White Whale

Jason Arment

The tributary stretched out in front of us from the Euphrates, pointing toward the northernmost fringes of Saqlawiyah, Iraq. Weapons platoon maneuvered a column of vehicles down from the main supply route (MSR) to a small dirt road that ran parallel to the river. A latticework of paths and irrigation ditches, swollen with water, striped the green plain of farm fields. Halfway down the slope from the MSR to the dirt road, everyone but the drivers dismounted to form up for the sweep: two columns, one on each side of the road. The carcass of a long-dead cow, mummified by the desert, crunched as a Humvee’s front tire crushed its skull, then ribs. My sergeant stopped to dry heave.

“Oh my God,” Prockop said between gags. “That smell. Fuck. It’s rancid.”

A few other dead cattle lay along the slope. I didn’t know for sure, but I could guess that some bored marines killed them from behind the guns of a passing convoy. I gathered this from how the carrion scattered out from the MSR, like a herdsman had pushed his small herd up from grassy fields, only to have them spooked by diesel engines and gunned down by men half his age. The Humvee’s rear tire crunched over the dried bag of bones, pushing more detritus from inside. I started to open my mouth to retch, only to have the blow-dryer heat of the desert push it back down my throat.

“Hell of a start to the big sweep,” I said to Prockop.

The Humvee we’d been guiding moved down the slope, into position behind a Mine-Resistant Ambush-Protected (MRAP) vehicle. The rest of the vehicles sat on the MSR, a few of them idling. There was a pause, while radios crackled and people tried to figure out what was going on. There hadn’t been a mission briefing, so I had no idea of the bigger picture. I’d thought about asking for a mission brief before we’d stepped off, but knew better. I’d learned a long time ago that our forward operating base (FOB) allowed for some of the habits of garrison to remain a part of our daily lives, despite the threats from the environment and surrounding ville. Captain Vorgang liked the pomp mustered for him in garrison, and so did Staff Sergeant Gnade. The captain liked to tell stories about his last deployment to Afghanistan; Gnade talked about his SWAT training and fallen comrades.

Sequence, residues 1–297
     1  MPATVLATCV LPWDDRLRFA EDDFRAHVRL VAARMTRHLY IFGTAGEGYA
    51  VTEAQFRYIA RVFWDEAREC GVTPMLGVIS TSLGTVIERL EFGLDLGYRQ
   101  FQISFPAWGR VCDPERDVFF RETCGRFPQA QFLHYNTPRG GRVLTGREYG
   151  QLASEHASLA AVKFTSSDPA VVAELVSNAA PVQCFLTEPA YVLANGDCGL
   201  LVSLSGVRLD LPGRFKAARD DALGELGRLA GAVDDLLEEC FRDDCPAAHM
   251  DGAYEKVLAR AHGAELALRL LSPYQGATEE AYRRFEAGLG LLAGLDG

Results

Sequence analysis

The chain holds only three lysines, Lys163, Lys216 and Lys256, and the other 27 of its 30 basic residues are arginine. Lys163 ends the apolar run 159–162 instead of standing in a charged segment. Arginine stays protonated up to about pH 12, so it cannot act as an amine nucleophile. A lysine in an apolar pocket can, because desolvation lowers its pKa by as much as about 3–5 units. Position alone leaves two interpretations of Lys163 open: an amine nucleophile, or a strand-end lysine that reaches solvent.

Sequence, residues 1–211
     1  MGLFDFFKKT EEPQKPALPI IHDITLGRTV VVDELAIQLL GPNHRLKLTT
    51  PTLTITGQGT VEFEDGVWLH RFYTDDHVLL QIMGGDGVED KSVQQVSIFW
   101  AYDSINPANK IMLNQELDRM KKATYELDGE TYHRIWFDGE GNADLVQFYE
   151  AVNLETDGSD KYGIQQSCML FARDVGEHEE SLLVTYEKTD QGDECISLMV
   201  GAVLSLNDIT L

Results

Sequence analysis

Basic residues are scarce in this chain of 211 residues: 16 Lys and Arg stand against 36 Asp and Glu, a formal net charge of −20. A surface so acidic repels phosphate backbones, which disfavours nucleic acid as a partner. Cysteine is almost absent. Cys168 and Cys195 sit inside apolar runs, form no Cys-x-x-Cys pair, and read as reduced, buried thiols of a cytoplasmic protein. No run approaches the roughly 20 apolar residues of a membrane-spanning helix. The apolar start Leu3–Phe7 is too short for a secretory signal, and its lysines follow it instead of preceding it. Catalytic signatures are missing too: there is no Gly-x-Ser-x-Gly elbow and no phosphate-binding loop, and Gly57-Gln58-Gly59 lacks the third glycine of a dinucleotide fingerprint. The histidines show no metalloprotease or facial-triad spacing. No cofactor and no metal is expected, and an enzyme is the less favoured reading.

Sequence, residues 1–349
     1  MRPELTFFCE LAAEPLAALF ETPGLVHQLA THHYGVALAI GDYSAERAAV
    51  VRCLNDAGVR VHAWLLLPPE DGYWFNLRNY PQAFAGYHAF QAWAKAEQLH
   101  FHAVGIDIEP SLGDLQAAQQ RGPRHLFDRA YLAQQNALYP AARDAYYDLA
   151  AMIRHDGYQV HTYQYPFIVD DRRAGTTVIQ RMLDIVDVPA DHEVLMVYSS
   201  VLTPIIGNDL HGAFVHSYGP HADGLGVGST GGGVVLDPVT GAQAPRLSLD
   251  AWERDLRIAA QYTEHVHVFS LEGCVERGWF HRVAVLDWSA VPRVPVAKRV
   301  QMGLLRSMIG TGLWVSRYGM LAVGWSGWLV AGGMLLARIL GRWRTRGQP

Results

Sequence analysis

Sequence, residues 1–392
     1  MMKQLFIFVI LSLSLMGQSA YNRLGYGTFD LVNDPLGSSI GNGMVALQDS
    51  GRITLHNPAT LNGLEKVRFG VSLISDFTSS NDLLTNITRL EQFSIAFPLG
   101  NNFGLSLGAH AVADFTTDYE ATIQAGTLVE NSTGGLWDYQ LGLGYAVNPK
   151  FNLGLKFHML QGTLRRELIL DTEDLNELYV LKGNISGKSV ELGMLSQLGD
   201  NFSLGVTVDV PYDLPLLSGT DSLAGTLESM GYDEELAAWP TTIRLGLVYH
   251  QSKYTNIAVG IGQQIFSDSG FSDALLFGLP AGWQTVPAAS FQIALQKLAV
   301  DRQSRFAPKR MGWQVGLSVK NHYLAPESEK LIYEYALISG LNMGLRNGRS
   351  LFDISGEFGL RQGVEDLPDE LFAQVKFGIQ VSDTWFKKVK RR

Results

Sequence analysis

I didn’t buy into it. Everyone in the military has their stories about how the guy they’d just been working next to moments, hours, days, or weeks before suddenly died, and “shit man, it could have been me.” Like most senior lance corporals, I wasn’t impressed with stories meant to showcase the sea salt dried on peoples’ collars from long journeys. 

The captain’s voice came over the radio, broken with static. Prockop held his radio out in front of him, peering above the speaker at the LED that displayed the frequency, channel, battery life, and encryption status. I paced back and forth in the dust, sometimes looking through my Advanced Combat Optical Gunsight (ACOG) at the far bank of the river or up the small dirt road to the plume of green trees on the horizon.

“Where do you think the herdsman is?” I shouted up to Ulrich, who was on top of the lead vehicle, a seven-ton truck with a turret jutting out its top. I walked over to a long-dead cow and gave it a few stomps to the head, being careful to hold my breath. Rust-colored dust burst out of the eye sockets with the smell of death’s long decay. Prockop raised his voice to address the group.

“Both columns are going to punch up to the right side of the road,” Prockop said and then looked at me. “Take point, and lead out security on that side.”

Back in Iowa, cows got killed by hunters who mistook them for deer, and their corpses stayed tucked away in the timber. Here in the wastes, the stunted animals that passed for cows were shot out of boredom. A lot of things died like that in the sands: dogs, cows, goats, birds, people. In the States, things seemed to accept death, slide into it like a warm bath. Here, things were wrenched from life to lie twisted and broken on the desert.

I walked parallel to the road, trying to keep thirty meters of standoff. I wanted to think of home—philandering girlfriend, dying grandmother—but couldn’t. If I fucked up or missed something, people would go home in body bags. I always told myself this. Somehow, I left out how people could, and would, go back in body bags no matter what I did. Prockop called it “the nature of the beast,” but I didn’t call it anything. I couldn’t dignify or mystify it.